Last updated on April 7th, 2022 at 01:10 pm
For Daniel, Seeing is Believing
Sometimes, you gotta see to fully believe. Just ask Daniel Schwab.
MEET DANIEL SCHWAB
Schwab and his wife, Amanda, run 300 commercial cows and a handful of purebreds on the family homestead near Meyronne, Saskatchewan. Charolais bulls and now some Simmental provide the genetic power. The registered cows are bred AI to produce home-raised bulls.
It hasn’t always been that way. For the first several generations, the operation was mainly a farm, with about 30 cows around to graze the spots a plow wouldn’t go.
Then Schwab’s dad upped the cow herd to around 100 head, a number that stayed stable throughout Daniel’s childhood. When Daniel took a more active role in the family farm, the cows became a major part of the operation.
The cows have long been on a mineral program, Schwab says, both tubs and loose product. Then, three years ago, Schwab transitioned to Riomax® tubs.
The results made him a believer. The fourth-generation rancher saw a 50-pound increase in weaning weights and 3% better breed-back with his herd, consuming the new mineral only part of the year.
Calving, Grazing, & Weaning
The cattle come home from summer pastures mid to late October, “and we start putting tubs out for them,” he says. The cows stay on the mineral through late gestation and calving, which begins around the middle of February for the heifers and March 1 for the mature cows. Calving season winds up around June 1.
Schwab had seen, in the breed-back for his cows, the advantages of an adequate mineral program during the critical times of gestation and calving. But being one who likes to see results for himself, he did an on-farm trial using the tubs year-round.
He put pairs on two pastures with similar grass and water. One pasture had tubs throughout summer grazing, the other didn’t. That’s where he saw the 50-pound difference in weaning weights.
And he saw another advantage, too. When he weaned in early November, the calves that had been on mineral all summer didn’t stand at the fence and bawl as much. “It must have been familiar to them that there’s a tub,” Schwab says, and the calves spent more time eating than bawling.
Consumption & Herd Health
And he noticed a change in the amount of minerals his cows consume. Comparing his present mineral with his previous program, “It’s amazing the amount that we were going through in comparison to what we’re actually consuming now.”
He hasn’t put a pencil to it yet, but a little skull time shows him that he’s further ahead.
What’s more, the amount of sickness decreased significantly, and therefore so did his medicine costs. “We’re treating less animals now than we were three years ago,” he says.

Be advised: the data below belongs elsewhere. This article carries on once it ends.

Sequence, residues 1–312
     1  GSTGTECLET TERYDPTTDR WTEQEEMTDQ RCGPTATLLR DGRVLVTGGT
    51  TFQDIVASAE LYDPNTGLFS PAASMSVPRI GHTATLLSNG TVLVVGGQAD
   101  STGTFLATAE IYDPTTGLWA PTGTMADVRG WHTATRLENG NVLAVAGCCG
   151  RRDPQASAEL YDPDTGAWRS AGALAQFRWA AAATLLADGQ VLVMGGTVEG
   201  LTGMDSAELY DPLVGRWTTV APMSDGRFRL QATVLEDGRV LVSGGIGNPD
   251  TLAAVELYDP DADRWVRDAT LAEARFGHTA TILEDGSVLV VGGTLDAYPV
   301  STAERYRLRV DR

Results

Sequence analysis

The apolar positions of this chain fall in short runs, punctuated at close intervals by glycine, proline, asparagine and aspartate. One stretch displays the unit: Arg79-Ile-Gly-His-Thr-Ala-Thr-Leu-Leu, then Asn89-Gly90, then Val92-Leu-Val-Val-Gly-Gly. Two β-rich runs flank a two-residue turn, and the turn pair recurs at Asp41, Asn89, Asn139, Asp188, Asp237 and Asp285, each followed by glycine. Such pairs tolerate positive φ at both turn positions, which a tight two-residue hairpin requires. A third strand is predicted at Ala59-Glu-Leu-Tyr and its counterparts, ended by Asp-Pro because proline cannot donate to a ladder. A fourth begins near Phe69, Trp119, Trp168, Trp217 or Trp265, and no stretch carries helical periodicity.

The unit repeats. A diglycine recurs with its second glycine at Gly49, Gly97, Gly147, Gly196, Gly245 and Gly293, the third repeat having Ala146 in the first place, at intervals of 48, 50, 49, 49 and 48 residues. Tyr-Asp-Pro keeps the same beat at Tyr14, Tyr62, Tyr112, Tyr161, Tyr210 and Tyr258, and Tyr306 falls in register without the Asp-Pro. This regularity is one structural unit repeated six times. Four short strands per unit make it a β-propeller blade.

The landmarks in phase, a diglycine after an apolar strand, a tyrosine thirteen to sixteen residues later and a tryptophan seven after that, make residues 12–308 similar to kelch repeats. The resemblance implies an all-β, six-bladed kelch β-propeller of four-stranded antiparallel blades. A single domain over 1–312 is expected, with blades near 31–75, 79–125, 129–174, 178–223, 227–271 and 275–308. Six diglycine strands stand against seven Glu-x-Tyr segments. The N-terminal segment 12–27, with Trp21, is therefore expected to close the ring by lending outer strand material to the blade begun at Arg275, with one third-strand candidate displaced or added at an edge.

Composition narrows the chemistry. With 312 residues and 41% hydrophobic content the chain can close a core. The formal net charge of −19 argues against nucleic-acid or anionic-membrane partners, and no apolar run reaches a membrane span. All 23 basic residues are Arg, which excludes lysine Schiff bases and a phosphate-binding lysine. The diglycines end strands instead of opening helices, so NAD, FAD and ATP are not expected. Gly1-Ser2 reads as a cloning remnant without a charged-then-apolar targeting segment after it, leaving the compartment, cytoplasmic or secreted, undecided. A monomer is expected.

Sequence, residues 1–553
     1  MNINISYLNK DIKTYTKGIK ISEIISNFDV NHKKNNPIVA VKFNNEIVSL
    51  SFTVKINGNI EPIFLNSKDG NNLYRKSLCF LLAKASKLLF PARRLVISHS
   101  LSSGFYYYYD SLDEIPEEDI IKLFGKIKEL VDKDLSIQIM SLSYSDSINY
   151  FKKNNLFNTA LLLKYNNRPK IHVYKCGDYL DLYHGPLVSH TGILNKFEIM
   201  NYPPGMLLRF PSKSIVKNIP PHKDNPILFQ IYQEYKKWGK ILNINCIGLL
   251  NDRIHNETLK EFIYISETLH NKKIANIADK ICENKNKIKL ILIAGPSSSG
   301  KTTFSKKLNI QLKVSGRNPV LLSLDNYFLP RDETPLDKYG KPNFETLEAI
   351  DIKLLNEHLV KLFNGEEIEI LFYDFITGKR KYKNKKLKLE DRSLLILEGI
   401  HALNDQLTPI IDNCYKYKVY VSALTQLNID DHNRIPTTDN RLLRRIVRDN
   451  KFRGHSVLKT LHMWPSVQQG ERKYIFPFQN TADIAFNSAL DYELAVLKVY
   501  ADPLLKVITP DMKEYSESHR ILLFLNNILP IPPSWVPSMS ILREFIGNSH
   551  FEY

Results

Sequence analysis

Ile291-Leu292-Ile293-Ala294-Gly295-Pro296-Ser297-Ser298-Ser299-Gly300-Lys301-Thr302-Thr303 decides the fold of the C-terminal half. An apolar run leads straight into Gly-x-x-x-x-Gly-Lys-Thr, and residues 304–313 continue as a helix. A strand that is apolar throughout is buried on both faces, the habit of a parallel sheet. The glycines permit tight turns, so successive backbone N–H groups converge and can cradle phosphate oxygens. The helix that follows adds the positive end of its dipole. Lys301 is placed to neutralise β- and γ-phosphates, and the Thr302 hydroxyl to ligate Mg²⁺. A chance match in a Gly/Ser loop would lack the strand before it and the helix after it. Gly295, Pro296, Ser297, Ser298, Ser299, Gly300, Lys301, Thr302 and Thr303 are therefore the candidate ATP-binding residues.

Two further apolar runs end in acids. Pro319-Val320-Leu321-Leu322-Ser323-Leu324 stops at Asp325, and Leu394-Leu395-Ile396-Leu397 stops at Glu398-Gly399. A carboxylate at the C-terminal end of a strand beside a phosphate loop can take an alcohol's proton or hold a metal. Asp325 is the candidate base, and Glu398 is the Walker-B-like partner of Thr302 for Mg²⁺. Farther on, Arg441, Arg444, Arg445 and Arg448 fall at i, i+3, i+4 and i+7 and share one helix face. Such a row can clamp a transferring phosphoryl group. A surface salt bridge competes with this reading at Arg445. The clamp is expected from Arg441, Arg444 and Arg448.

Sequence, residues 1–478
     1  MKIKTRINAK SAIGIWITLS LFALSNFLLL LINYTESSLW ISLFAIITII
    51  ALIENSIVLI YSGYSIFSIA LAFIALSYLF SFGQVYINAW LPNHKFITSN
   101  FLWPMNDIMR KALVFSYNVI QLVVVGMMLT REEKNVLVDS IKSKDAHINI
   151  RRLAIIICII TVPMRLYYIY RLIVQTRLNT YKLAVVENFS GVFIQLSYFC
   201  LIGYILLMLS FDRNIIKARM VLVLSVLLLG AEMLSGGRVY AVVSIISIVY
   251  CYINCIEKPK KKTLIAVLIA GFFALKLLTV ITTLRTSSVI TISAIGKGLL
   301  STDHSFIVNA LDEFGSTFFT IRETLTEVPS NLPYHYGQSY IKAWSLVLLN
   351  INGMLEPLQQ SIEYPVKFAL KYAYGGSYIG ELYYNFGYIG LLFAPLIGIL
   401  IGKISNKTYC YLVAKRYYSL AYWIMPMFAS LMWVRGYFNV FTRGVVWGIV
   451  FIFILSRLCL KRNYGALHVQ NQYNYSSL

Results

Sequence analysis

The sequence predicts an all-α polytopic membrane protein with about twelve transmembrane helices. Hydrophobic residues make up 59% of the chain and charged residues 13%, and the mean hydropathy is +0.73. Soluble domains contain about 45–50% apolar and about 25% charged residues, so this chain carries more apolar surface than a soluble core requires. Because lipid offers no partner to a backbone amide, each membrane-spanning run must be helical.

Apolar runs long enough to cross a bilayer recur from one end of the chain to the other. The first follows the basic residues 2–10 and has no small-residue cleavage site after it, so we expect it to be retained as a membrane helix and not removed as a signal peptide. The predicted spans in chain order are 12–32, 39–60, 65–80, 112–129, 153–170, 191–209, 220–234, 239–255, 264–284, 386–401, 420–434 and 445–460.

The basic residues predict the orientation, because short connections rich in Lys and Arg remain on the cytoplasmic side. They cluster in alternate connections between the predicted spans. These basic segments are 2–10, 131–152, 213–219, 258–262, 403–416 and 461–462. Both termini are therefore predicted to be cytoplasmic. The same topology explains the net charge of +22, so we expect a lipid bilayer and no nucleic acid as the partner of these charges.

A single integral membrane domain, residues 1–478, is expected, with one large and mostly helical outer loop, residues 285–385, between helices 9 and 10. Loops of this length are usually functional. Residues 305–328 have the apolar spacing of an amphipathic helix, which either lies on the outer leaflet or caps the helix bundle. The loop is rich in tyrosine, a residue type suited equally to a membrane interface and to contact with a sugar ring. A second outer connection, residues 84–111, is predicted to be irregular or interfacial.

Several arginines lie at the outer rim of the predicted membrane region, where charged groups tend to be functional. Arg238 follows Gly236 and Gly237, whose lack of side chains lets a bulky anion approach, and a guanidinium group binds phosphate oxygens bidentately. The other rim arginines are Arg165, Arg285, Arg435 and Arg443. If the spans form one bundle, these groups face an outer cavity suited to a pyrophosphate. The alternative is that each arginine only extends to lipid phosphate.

He recalls treating 10 to 15 calves a day in years past. “And all of a sudden, we’re down to one every now and again. We’re not putting as much medicine into them as we were in previous years,” he says.
“It’s really been a huge improvement for us. Going forward, I’m pretty sure we’re going to year around (mineral program) and getting hooked up with tubs that have garlic infused in them.”
Garlic? Yep, garlic. Schwab started using garlic blocks a couple of years ago for fly control after several neighbors told him about how well it worked for their horses.
“We tried it and we’ve noticed a big difference. The cows aren’t standing around all grouped up, trying to get away from the flies. They’re spread out more and the bulls have easier access. They’re grazing further out and they’re not just big groups of them.”
Making the Most of Poor Quality Forage
The Schwabs also farm, and the cows go on standing corn for about a month beginning the middle of November to early December.
Given the reduced feed value of standing corn, Schwab says the mineral needs of the cows increase during that time. Once the corn is grazed out, the herd transitions to a higher quality hay and baled small grains.
“Triticale has become a big part of it now for what we do for feed variety,” he says. We like to get grain bales of those. They do well on that and you don’t have to worry about bloating.”
Get More Bang for your Buck!
Schwab is not shy about sharing his experience with others. “The biggest thing that I say is it all comes down to a good mineral program. You gotta be able to get the right minerals to them and the right formulation of minerals to them,” he says.
“You’ve got to start with a good mineral at the beginning. If you’re looking for the most gain and the most bang for your buck, essentially that’s what you’ve got to be looking at,” he says.
“Some guys around here, they want to basically put in as little as possible and see a better return.” They are more range operators, which is a consideration. But Schwab asks them a question.
“What do you hope to gain out of putting our minerals? Is it just to make you feel good because you’re putting something out there or do you actually want to see a profitable result and a good return on investment?”
To Schwab, that’s what his mineral program is, an investment in his cows. “Once they (other ranchers) actually hear our results and start to see those, it plays a big factor on what guys do, too,” he says.
Cattle are a big part of Daniel and Amanda’s life. Daniel bought his first set of cows when he was 13 years old. Amanda, the AI technician for the operation, is farm-raised and was actively involved in 4-H (a not-for-profit organization that is focused on strong leadership for world-class positive youth development experiences).
And now the Schwabs are three. Their daughter, Willow, came into this world in January 2021; the fifth generation on the Schwab homestead which dates back to 1911.
“As our kids start to grow up, definitely we’ll be keeping them involved and trying to keep them interested in the cattle, the farm life, and ranching.”
Written by Burt Rutherford, Former Senior Editor at BEEF Magazine